Aphid parasitoids are small wasps, typically measuring 2-5 mm in length, with a slender body and distinctive narrow waist. They are commonly black or brown in color. In Australia, various families of parasitoid wasps contain numerous species that target aphids. The most prevalent genera are Aphidius, Aphelinus, Diaeretiella, Lysiphlebus, and Trioxys (subfamily Aphidiinae).
Mature female wasps lay their eggs inside aphid bodies, often depositing hundreds of eggs during their lifespan. The parasitoid's immature stages develop entirely within the aphid, feeding on it from the inside until pupation and emergence. This process results in the aphid's skin hardening, swelling, and drying into a bronze-colored "mummy." The presence of aphid "mummies" in crops indicates ongoing parasitism, suggesting that many more aphids have likely been parasitized as well.
Developmental times vary depending on the species and temperature, typically taking about one to two weeks for the immature parasitoids to emerge as adults.
While some parasitoid species have a narrower host range, targeting specific aphid families or even individual species, others possess broader abilities to parasitize various aphid hosts within a given habitat. Importantly, aphid parasitoids exclusively attack and eliminate aphid and do not cause harm to plants, other insects, livestock, or humans.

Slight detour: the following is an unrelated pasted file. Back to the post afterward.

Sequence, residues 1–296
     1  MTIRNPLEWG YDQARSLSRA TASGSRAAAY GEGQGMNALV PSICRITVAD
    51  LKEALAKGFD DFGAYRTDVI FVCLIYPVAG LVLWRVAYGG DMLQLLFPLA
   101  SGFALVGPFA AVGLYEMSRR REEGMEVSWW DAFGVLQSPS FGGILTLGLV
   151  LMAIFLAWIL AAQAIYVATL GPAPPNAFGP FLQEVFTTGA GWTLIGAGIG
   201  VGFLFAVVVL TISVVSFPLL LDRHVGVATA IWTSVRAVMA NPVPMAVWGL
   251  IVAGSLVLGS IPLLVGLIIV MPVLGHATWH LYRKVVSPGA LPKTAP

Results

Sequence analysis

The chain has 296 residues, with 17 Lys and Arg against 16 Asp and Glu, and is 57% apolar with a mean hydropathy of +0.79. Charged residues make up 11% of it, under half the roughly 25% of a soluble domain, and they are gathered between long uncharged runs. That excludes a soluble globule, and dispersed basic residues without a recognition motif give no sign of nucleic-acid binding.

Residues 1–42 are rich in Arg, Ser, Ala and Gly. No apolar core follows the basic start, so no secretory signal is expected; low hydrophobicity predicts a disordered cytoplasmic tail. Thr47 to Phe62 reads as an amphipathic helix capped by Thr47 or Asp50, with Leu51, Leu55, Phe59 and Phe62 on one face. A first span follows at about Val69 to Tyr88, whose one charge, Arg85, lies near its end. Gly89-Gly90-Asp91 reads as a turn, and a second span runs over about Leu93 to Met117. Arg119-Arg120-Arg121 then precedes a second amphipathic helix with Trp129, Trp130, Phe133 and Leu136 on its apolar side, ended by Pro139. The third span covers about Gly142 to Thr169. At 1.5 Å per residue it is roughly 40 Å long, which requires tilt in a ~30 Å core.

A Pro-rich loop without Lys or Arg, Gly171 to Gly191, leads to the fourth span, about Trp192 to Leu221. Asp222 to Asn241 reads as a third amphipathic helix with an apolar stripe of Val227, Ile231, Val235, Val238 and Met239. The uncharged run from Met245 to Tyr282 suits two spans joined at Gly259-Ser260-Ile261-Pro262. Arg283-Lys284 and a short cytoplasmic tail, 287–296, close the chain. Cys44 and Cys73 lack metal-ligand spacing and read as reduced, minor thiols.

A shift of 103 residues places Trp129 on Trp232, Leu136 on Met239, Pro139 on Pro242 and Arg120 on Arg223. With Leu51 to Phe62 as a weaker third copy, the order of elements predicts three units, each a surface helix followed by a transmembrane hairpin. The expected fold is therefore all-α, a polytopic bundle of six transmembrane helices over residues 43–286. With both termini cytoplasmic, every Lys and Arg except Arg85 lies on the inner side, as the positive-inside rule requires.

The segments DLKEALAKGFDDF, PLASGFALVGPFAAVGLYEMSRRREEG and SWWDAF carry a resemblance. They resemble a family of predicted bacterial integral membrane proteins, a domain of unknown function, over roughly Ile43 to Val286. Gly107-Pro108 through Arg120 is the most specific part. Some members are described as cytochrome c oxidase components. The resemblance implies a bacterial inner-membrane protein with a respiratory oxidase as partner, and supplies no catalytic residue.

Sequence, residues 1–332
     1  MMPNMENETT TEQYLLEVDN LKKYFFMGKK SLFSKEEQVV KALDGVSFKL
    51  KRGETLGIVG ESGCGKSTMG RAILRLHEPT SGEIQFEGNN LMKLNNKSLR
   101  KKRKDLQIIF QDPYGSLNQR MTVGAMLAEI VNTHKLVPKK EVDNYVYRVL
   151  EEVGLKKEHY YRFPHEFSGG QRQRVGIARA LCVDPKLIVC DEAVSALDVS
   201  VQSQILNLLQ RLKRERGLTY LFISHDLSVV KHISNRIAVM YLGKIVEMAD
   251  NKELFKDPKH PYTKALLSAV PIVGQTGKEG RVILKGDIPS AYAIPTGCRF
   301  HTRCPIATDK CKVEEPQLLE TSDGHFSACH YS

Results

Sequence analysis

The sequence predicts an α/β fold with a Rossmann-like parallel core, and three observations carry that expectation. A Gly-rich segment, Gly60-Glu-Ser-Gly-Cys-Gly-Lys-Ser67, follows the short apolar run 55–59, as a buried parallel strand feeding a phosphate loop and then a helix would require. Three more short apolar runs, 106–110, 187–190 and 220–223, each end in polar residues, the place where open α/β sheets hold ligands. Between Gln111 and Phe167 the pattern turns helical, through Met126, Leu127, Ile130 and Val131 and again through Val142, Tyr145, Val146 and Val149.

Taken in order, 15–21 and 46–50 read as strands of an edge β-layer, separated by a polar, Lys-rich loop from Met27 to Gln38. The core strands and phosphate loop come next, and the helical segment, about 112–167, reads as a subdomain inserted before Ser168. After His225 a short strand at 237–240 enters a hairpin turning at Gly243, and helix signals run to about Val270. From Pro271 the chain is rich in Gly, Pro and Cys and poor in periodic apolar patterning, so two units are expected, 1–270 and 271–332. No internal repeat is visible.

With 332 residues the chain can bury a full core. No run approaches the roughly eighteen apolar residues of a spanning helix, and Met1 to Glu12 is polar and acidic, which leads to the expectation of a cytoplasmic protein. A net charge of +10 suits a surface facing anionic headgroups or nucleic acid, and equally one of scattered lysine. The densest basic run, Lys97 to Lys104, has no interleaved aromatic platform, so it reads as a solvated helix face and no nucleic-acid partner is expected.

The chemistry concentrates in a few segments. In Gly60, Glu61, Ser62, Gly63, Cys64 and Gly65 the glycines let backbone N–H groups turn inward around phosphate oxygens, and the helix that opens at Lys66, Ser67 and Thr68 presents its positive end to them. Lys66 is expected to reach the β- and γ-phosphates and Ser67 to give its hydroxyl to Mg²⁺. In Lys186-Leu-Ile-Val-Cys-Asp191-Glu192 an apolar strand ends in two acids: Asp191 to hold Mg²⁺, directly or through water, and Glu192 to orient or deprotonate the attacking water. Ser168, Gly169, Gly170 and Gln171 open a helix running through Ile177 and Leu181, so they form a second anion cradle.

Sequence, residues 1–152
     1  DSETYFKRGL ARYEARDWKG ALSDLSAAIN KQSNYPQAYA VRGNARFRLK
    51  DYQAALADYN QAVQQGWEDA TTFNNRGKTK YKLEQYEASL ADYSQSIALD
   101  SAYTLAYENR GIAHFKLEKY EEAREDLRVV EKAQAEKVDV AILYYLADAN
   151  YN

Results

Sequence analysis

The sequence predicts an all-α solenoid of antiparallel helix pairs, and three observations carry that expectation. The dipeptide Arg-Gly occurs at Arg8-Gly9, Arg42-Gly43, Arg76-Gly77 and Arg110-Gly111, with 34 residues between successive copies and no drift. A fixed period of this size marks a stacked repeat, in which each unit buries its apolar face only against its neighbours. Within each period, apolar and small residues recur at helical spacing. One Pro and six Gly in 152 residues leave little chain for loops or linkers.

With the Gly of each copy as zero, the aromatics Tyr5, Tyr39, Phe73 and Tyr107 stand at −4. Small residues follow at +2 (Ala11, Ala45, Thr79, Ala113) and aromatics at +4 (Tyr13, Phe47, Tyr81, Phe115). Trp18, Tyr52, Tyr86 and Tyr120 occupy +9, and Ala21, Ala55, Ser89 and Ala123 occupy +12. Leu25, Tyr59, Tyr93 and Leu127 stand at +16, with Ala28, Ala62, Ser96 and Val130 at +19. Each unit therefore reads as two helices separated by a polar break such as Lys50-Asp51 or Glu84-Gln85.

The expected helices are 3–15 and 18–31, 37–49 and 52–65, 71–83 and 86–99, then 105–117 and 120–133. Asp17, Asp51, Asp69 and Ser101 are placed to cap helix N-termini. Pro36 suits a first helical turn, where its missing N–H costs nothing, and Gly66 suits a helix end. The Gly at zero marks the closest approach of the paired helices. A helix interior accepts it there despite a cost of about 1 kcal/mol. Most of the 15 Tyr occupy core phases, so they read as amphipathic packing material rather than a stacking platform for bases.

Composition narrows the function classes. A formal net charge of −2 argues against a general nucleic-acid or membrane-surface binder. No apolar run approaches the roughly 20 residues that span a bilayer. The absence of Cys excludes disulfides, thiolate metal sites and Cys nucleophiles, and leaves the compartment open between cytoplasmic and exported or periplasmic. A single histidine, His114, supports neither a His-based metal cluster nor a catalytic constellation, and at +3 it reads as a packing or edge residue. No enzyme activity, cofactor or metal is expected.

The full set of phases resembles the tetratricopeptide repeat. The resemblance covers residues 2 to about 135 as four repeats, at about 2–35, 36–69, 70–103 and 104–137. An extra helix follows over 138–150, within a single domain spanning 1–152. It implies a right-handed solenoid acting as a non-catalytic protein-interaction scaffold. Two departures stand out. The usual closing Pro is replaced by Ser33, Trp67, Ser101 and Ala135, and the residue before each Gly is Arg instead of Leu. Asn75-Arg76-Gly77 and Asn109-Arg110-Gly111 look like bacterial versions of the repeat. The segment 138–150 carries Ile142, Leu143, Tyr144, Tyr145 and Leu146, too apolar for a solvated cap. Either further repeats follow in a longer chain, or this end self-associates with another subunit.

Most parasitoids can be found in any habitat where aphids are, including both greenhouse and open field crops. They thrive in protected environments with well-developed foliage, such as crops.
Creating diverse habitats with hedgerows, cover crops, brushpiles and wildflower strips can support generalist predator population, by providing additional food sources, nesting sites, and protection from pesticide exposure or extreme weather conditions. This aids parasitoid survival during non-crop periods or when crop conditions are suboptimal, improving early season control.
Many parasitoid species are highly sensitive to these insecticides, and excessive use can be detrimental to parasitoid populations and their effectiveness as biological control agents.
Consider adopting integrated pest management (IPM) practices, which involve using pesticides judiciously and as a last resort. Targeted application of pesticides, avoiding broad-spectrum ones, and selecting insecticides that have minimal impact on non-target organisms can help preserve parasitoid populations.